Moreover, the government brought the Authorization Act to parliament on March 23, 2020, which enables the government to apply significant restrictions without any time limit. The opposition voted against and the bill did not reach the 4/5th majority and ruling party members and propaganda machine started to depict the opposition as perpetrators of the crimes against the people. Hence, policies of Orbán almost fully fits the second indicator.
Thirdly, Toleration or encouragement of violence
Although the ruling party does not have any ties to armed gangs, paramilitary forces, militias, guerrillas, or other organizations that engage in illicit violence; they tolerate some violence such as far-right vigilante migrant hunters in Assotthalom. It is non-democratic and non-humane in any sense but also can pave the way for future implications toward labeled enemy-of-the-states.
Moreover, the ruling party developed a strategy that avoids physical violence and jailing journalists but limiting their positive freedom to achieve their goals. Turning media into state apparatus, re-directing media funds, purchasing some media agents and financers. For instance, a pro-government media manager bought Indamedia -which operates financial affairs of Index- and turned editorial policies of Index -which was a heavy critic of government- opposite way. Pre and post-purchase ways of newsmaking in Index differ significantly. Hence, Hungary case is not much satisfies the third indicator, noting that mentioned support to vigilante and other undemocratic policies can rather easily pave the way for future satisfaction for this indicator.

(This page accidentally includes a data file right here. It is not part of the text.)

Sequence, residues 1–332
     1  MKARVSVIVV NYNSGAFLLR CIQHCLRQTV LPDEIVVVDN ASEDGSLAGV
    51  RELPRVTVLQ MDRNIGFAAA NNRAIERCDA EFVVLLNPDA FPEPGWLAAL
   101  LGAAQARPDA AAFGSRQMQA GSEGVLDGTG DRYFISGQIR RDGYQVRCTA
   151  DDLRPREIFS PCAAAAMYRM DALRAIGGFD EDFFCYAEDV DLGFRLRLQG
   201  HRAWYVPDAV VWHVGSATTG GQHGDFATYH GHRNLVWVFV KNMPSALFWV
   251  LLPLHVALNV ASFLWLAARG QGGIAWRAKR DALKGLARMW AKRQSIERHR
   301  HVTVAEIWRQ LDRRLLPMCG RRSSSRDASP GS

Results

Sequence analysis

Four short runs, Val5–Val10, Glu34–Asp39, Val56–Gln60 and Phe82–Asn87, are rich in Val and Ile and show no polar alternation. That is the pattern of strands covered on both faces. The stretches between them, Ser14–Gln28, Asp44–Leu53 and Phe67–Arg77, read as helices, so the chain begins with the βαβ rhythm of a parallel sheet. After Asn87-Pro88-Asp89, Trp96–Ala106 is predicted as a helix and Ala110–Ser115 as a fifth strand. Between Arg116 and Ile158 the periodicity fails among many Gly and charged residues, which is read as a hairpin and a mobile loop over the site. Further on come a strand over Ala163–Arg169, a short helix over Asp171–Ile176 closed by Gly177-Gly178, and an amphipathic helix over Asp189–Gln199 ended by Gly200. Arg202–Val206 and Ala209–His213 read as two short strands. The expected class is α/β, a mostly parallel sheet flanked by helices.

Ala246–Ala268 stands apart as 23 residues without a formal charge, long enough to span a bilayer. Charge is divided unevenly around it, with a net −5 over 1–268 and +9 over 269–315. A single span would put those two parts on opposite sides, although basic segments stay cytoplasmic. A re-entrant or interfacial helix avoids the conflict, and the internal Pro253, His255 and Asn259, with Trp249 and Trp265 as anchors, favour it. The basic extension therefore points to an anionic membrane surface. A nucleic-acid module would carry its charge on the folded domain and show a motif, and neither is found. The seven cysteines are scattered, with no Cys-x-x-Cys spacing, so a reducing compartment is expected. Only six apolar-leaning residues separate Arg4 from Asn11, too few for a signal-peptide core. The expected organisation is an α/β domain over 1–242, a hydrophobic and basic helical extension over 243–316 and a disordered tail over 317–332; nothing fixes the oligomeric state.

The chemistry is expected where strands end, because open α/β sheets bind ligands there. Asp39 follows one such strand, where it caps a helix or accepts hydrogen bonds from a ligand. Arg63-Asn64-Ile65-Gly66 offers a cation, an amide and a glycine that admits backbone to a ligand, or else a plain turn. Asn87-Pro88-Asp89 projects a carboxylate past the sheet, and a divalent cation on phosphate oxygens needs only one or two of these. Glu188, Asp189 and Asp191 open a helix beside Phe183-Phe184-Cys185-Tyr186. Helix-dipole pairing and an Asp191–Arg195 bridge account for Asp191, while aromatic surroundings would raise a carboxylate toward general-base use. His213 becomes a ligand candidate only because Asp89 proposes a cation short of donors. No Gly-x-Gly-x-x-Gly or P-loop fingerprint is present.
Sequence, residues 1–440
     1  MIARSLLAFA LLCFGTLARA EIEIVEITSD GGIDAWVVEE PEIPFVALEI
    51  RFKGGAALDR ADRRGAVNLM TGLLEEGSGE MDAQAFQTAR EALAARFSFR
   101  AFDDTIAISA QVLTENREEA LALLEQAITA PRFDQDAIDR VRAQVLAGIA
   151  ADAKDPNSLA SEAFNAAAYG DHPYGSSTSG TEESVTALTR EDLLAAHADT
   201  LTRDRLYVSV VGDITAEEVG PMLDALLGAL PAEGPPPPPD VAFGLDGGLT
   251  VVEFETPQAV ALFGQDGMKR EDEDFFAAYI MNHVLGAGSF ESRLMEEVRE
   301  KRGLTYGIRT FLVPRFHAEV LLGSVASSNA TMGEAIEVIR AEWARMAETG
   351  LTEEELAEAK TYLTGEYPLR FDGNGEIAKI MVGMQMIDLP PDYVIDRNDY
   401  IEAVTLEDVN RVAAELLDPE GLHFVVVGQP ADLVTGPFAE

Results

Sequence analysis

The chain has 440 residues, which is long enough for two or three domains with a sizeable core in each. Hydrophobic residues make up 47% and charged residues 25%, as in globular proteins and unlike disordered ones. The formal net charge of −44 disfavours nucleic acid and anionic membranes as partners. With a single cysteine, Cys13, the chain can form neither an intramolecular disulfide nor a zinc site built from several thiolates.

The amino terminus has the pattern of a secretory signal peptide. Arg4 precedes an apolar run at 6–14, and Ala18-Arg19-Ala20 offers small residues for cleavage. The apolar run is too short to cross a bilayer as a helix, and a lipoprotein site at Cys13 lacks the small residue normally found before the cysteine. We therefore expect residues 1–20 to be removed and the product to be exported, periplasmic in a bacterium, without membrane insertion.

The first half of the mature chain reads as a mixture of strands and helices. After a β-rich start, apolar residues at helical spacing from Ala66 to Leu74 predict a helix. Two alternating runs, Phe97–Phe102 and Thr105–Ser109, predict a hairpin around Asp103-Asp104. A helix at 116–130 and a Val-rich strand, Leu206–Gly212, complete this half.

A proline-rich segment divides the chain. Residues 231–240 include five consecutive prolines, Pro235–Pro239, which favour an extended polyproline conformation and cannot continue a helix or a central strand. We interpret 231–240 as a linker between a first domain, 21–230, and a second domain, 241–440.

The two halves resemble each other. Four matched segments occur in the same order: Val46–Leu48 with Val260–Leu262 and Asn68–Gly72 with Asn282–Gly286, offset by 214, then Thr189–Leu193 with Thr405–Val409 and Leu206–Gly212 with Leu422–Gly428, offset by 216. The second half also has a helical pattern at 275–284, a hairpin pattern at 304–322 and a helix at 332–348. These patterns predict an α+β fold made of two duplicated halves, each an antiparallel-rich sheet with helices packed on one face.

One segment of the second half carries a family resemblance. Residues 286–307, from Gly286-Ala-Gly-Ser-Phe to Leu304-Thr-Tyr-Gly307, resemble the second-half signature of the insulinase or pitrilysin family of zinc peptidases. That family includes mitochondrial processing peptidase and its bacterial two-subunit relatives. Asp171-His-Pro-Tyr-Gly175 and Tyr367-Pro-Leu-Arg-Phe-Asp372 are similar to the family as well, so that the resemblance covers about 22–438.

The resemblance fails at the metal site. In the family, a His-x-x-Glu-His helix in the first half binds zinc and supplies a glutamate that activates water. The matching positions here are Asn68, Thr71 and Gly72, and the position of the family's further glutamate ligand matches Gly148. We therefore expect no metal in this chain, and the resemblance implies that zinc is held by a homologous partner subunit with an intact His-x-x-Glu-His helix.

Lastly, Readiness to curtail civil liberties of opponents, including media
As some cases overlapping with previously mentioned examples, the Orbán administration is nowhere near reluctant to curtail liberties. They support laws or policies that restrict civil liberties, such as laws restricting criticism of the government, or certain civic organizations.
A new law passed to criminalize the spreading misinformation on undermining authorities’ fight against coronavirus. This law is generally perceived as Orbán’s effort to silence media even further. Additionally, a shrinking number of independent media in Hungary also facing with severe hardship. While it is already hard to survive with such economic burdens, they are struggling with an effort that tries to push them out of the system. Hungary’s last independent political radio station’s license is not renewed by the government. Klubrádió’s license is expiring in February 2021 and they will operate online with a shrunk audience.
To finish, using Levitsky and Ziblatt’s four indicators, it can be claimed that the situation in Hungary is severe. After the collapse of Communism, Hungarians enjoyed the brief spring and now they are witnessing the fall. According to Freedom House Index, Hungary’s score is 70/100 lowest in European Union with 27/40 for political rights and 43/60 for civil liberties. Anti-democratic trends are not much promising but the hope is not totally lost. Maybe EU or domestic voter’s re-realization of democratic values will stop the erosion. Nevertheless, whether will winter come to Hungarian democracy or not is yet to be observed.